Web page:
3. Supernatural Superserious. Their first single... and, given the reception of their recent albums, probably the only single this album will get. Which is a shame: the song is good, but far from the best on offer. The lyrics kind of annoy me, but the music is excellent, a perfect combination of the old and the new: Buck shimmies on the guitar and Mills backs vocals, while the optimism and fuzz are very much part of the 21st century R.E.M.
  4. Hollow Man. An interesting little segue of a song, starting calm but building up into a pleasant little rocker.
  5. Houston. I really like this one. The paranoid lyrics grab your attention from the very start, and the tune is simultaneously catchy and strange. It carries some of the Southern mysticism that you can detect in Life's Rich Pageant. I really wanted this to be longer.
  6. Accelerate. Another of my favorite songs on the album. The energy in this track is unbelievable, the guitarwork inventive, the singing insistent and delightfully vague.
  7. Until The Day Is Done. Probably the prettiest singing on the album. This captures the small-chamber aspect that R.E.M. occasionally puts on display, and does it really well... it's quiet and accomplished, finely crafted music.
  8. Mr. Richards. My least favorite song in Accelerate. Amusingly, this means I've listened to this one more than any other, as I try to understand why I dislike it so much. I think the song should either be about 25% faster, or else they should have ditched the guitar altogether... either done it acoustic, or done something with the horns they drop in at the end. The tone is making promises that the song doesn't deliver on, making listening a frustrating experience... it's constantly on the verge of being a fun song but never makes it.
  9. Sing For The Submarine. I want everyone who complained about New Adventures in Hi-Fi to listen to this: it is an amazing, atmospheric, dark, and very cool song that they could never have made without the experimentation in that earlier album. As I mentioned above, this is also cool in that they have a Kid A-esque breakout in the middle, sandwiched between an opening reminiscent of recent R.E.M. and a closure that hearkens back to the earlier years.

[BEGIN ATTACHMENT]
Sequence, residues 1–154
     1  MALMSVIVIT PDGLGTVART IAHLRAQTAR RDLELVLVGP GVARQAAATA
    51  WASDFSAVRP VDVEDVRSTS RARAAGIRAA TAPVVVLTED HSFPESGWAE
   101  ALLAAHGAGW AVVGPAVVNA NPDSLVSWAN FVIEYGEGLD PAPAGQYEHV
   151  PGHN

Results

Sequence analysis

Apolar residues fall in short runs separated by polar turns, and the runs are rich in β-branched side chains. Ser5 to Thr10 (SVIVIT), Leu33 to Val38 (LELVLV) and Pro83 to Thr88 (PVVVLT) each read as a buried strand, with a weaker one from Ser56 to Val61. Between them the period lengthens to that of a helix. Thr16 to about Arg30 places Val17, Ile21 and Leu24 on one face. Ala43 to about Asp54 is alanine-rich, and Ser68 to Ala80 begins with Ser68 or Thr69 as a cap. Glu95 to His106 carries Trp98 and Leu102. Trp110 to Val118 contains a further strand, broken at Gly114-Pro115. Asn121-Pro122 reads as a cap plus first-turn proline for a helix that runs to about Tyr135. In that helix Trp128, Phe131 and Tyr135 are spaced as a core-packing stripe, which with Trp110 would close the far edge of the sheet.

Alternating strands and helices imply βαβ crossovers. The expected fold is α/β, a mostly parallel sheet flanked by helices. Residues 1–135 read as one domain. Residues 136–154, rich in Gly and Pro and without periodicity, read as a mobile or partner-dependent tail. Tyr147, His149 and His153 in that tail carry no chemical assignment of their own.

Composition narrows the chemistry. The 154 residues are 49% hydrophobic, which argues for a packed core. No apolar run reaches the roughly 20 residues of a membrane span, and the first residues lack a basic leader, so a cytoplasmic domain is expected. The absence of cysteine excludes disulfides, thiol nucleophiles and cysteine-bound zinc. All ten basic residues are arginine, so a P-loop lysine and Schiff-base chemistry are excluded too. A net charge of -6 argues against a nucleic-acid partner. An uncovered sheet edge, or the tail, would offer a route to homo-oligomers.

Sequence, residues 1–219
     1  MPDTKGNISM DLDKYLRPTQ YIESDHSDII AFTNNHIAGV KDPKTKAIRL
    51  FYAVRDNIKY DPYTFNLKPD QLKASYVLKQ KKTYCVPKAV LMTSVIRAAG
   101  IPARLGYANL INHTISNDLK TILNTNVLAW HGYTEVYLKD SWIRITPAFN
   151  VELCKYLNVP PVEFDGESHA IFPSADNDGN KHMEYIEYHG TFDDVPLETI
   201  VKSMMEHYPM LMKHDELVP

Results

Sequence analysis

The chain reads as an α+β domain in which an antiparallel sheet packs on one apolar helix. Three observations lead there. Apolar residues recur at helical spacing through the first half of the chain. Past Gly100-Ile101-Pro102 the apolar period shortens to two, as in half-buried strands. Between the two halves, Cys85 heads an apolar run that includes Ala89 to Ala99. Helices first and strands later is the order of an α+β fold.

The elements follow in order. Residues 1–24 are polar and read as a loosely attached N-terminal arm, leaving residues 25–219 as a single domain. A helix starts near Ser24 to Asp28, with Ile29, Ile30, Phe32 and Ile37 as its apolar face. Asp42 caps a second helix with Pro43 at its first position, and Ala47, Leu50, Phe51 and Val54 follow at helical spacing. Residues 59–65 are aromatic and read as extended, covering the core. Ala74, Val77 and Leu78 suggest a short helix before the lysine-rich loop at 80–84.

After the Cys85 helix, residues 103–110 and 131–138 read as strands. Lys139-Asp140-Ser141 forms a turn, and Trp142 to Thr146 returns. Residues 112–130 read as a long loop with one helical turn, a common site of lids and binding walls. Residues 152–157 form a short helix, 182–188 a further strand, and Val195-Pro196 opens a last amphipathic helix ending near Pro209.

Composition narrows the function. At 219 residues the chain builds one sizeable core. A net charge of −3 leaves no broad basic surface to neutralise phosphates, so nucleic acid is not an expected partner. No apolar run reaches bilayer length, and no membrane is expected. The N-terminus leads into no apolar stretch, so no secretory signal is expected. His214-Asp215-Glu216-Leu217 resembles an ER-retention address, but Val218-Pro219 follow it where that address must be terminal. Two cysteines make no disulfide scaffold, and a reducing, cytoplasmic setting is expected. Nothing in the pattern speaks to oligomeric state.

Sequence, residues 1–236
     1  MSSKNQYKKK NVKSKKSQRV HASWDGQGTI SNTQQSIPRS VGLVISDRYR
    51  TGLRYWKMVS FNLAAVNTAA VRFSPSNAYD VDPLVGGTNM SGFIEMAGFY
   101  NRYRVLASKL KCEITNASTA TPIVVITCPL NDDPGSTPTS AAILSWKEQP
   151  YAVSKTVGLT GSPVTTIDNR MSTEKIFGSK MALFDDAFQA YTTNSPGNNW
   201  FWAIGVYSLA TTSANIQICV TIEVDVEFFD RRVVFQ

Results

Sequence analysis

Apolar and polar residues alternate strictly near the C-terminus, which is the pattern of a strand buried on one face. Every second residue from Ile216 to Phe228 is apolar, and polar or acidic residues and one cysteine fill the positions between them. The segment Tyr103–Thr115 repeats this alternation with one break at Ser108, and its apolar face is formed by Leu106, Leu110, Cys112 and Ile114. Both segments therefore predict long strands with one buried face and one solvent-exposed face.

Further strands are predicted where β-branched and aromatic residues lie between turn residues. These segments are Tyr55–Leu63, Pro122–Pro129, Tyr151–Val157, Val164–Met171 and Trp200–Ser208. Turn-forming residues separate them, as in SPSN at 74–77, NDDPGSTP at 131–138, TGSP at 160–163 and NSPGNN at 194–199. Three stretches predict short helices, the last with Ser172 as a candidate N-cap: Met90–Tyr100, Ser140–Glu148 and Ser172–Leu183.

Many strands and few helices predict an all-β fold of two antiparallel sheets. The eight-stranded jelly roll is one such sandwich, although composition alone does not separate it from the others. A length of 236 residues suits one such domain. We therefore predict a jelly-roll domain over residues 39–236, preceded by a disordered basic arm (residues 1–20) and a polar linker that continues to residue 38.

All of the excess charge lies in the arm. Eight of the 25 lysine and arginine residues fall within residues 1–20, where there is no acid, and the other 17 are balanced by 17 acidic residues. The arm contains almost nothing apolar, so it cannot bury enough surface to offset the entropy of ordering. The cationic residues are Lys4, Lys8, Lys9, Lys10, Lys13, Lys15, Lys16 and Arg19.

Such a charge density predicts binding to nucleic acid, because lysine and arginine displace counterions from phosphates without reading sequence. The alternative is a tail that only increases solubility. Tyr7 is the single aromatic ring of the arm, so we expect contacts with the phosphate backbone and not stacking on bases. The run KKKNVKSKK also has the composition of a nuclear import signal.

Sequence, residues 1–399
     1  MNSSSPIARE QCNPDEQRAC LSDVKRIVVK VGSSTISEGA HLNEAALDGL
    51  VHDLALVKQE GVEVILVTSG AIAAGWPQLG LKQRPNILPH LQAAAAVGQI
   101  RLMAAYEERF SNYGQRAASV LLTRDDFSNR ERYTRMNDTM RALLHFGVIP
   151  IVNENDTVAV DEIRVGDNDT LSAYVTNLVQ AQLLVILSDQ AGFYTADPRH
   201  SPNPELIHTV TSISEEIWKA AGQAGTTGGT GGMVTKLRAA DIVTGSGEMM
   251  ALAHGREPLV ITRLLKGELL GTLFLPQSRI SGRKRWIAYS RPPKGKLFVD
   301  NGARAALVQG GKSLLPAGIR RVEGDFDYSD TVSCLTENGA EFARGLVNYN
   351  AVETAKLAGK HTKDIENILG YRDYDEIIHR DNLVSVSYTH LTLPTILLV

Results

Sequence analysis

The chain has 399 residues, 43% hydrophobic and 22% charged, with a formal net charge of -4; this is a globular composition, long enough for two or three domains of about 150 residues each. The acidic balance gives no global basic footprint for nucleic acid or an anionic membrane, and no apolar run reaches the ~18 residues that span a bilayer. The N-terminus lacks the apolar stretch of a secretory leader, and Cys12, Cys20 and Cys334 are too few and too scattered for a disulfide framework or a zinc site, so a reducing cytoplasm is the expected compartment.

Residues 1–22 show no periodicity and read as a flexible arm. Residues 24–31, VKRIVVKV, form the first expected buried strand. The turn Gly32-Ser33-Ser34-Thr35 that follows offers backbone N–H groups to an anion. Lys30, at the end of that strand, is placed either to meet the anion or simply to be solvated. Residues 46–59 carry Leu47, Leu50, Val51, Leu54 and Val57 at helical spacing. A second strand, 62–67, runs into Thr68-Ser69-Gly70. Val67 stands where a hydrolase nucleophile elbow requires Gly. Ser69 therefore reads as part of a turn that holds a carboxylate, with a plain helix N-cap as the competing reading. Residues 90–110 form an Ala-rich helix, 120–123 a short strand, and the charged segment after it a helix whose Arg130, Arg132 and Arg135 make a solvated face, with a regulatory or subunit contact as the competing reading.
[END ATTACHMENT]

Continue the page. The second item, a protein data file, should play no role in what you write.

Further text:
10. Horse to Water. R.E.M. doesn't just make great music; they have also become master craftsmen when it comes to constructing the flow of an album. Sing For The Submarine is the last great song on the album, but it would end on a bad note. Horse to Water lets you center yourself and smile as the band gently pokes fun at themselves. It's a return to the fun, high-energy sound that has dominated Accelerate. "I might've kept my mouth shut," Stipe sings at one point, and I can imagine him thinking about this everytime he goes back into the studio. He doesn't have anything left to prove, he's just in it for the love of making music now.
  11. I'm Gonna DJ. I think that this song will probably be the most controversial on the album. Your reaction to it will probably be the same as your reaction to The Outsiders on Around The Sun: Either it is an embarrassing attempt for the band to work with another genre; or else it is an interesting injection of decidedly non-R.E.M. influence that sets up a unique chemical reaction you won't ever see again. I lean towards the latter explanation.
Also, I love the funny yet defiant way that Stipe repeatedly sings "I'm not gonna go 'till I'm good and ready!" throughout the last song. Thank goodness for that! If history is any indication, he could very well be making great music for years to come, and I hope I can keep up with him and the rest of the band. Rock on!